Wherever they settled, Polish immigrants went about building communities that were fiercely committed to the preservation of their national heritage and culture. A national network of Polish-language newspapers, social clubs, and, eventually, radio and television stations helped keep the Polish language alive. Parochial schools were built within walking distance of every Polish neighborhood, and more than 900 Polish Catholic churches were founded. Polish music, dance, literature, and folklore were all kept alive through many decades in an English-speaking land. Polish American communities might be widely scattered, from Krakow, Wisconsin, and Wilno, Minnesota, to Bucktown in Chicago and Cleveland’s Fleet Avenue. However, Polish Americans always made it clear that, while they were citizens of the United States, they were also loyal to Polonia—the community of Poles worldwide.
That loyalty was galvanized by the dark decades of the Second World War and by the Cold War tensions that followed it. Millions of Poles in Europe perished or lost their homes during World War II, and thousands fled the Soviet takeover of Poland that followed it. Polish Americans opened their homes to any refugees who were able to escape, and they once more agitated for their country’s freedom. When that freedom finally came with the fall of the Soviet Union, countless family reunions took place, as European Poles met long-lost relatives and Polish Americans set foot on Polish soil for the first time.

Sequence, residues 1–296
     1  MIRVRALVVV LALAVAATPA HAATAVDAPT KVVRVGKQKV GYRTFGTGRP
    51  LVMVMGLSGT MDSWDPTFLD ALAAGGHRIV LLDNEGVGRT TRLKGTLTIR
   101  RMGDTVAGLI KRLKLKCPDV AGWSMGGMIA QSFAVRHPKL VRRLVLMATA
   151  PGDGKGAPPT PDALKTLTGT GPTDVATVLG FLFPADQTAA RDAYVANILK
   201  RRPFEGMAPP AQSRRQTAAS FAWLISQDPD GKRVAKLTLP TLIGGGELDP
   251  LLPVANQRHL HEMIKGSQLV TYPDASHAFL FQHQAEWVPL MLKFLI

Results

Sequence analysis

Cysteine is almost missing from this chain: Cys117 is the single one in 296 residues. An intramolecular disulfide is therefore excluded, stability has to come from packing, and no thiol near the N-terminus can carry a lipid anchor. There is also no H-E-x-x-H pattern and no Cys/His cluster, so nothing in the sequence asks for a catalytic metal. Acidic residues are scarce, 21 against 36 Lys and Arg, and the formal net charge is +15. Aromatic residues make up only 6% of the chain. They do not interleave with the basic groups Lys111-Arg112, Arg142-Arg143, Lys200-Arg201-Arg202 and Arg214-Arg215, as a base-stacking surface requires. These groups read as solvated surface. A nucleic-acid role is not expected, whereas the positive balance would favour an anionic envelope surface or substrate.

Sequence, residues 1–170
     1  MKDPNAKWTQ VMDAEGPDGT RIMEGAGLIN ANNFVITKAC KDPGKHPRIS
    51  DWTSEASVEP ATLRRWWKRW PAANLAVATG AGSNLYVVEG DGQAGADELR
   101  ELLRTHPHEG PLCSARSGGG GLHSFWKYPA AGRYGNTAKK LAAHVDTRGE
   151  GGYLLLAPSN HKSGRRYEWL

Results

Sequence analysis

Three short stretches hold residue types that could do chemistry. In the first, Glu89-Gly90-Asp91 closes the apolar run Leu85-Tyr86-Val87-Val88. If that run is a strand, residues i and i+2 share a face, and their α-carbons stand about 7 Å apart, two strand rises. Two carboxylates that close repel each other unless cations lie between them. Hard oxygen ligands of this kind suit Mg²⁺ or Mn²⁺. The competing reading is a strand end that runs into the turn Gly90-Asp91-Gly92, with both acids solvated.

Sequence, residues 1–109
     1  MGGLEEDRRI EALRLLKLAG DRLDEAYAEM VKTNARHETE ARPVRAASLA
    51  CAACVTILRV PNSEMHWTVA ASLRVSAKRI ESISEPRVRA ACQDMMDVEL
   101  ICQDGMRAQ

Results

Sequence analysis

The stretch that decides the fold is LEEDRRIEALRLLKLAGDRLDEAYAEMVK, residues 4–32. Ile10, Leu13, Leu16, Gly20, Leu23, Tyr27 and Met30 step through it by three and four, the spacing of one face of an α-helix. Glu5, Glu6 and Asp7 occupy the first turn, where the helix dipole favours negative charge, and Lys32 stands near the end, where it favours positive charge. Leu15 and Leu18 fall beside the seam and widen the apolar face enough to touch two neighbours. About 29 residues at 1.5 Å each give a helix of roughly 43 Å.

Today, Poles are moving to the United States again, as a generation newly freed from foreign domination seeks its fortune overseas. They find a country shaped by the achievements of the Polish Americans that came before them, such as the poet Czeslaw Milosz, the conductor Leopold Stokowski, the baseball player Stan Musial, and the politicians Barbara Mikulski and Edward Muskie. New Polish American communities are now rising up in New York, Detroit, and Chicago, sometimes occupying the same city blocks as their predecessors did a century before, and keeping the spirit of Polonia alive.